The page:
Sherlock’s Classics: Film Review – Sleuth (1972)
Outstanding mystery-thriller directed by Joseph L. Mankiewicz from playwright Anthony Shaffer’s Tony award winning play of a game-playing mystery author who invites his wife’s lover into a diabolical trap, setting up a battle of wits with potentially deadly results.
The direction by Joseph L. Mankiewicz (All About Eve, The Ghost and Mrs. Muir), the landmark biting and witty screenplay by Anthony Shaffer, eye-popping set design by Ken Adam (Dr. Strangelove, James Bond), and shattering career high tour-de-force performances by stars Laurence Olivier and Michael Caine make this supremely superlative and unforgettable entertainment.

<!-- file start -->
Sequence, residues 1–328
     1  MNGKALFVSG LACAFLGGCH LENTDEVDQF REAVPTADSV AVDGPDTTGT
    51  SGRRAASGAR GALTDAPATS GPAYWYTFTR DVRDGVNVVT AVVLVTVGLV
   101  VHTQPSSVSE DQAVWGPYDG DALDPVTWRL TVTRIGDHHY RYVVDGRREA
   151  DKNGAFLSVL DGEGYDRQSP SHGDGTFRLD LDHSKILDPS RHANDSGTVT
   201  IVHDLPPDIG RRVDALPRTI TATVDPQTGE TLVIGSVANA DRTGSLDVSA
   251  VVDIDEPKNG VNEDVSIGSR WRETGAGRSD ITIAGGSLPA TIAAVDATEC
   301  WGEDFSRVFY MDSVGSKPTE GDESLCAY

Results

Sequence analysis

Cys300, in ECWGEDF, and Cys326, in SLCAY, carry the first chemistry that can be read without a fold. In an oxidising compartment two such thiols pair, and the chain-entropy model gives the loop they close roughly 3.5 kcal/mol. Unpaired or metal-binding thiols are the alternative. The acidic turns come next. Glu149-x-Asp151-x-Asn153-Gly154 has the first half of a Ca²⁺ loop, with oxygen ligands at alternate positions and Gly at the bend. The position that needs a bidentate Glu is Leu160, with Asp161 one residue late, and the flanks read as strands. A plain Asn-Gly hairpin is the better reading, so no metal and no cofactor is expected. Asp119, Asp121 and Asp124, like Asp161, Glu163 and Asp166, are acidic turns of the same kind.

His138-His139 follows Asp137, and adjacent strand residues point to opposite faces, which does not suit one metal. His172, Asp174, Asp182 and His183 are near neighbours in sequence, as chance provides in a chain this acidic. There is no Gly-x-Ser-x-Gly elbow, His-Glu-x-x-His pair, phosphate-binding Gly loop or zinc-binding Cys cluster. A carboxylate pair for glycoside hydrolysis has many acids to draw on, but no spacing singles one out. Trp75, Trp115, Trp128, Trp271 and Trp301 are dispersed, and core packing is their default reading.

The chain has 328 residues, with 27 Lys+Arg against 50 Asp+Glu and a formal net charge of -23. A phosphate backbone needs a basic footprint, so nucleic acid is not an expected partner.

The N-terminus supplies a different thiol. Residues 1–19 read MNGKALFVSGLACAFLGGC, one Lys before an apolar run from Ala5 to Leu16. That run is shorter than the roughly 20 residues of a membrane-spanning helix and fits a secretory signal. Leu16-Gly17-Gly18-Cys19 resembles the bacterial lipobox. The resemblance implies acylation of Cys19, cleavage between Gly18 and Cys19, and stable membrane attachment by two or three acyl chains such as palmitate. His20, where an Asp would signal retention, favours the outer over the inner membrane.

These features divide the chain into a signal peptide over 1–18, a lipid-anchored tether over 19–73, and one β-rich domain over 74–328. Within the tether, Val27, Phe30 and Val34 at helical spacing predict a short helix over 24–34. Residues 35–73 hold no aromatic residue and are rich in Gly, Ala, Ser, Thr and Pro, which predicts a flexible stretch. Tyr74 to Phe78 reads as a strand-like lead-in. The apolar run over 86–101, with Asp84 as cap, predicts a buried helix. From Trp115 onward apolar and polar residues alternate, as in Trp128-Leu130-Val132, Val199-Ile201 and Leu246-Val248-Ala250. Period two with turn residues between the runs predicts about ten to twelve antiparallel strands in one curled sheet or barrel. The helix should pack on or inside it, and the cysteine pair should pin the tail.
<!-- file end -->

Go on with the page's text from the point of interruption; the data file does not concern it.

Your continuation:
Retaining its theatrical grip yet excelling in its own uniquely original cinematic palate, the play makes and extraordinarily easy transition to the screen, resulting in a delightfully rich tapestry and energetic labyrinth filled with devilishly tantalising and engaging plot twists that lurk in the shadows.
Wickedly delicious from start to finish, it would be a crime to reveal any more of the plot, only to say that it will have you spellbound and reaching for repeated viewings.
Nominated for four Academy awards including Best Director (Joseph L. Mankiewicz), Best Actor for both Laurence Olivier and Michael Caine, and Best Music (John Addison).
Available for the first time ever on DVD in Australia.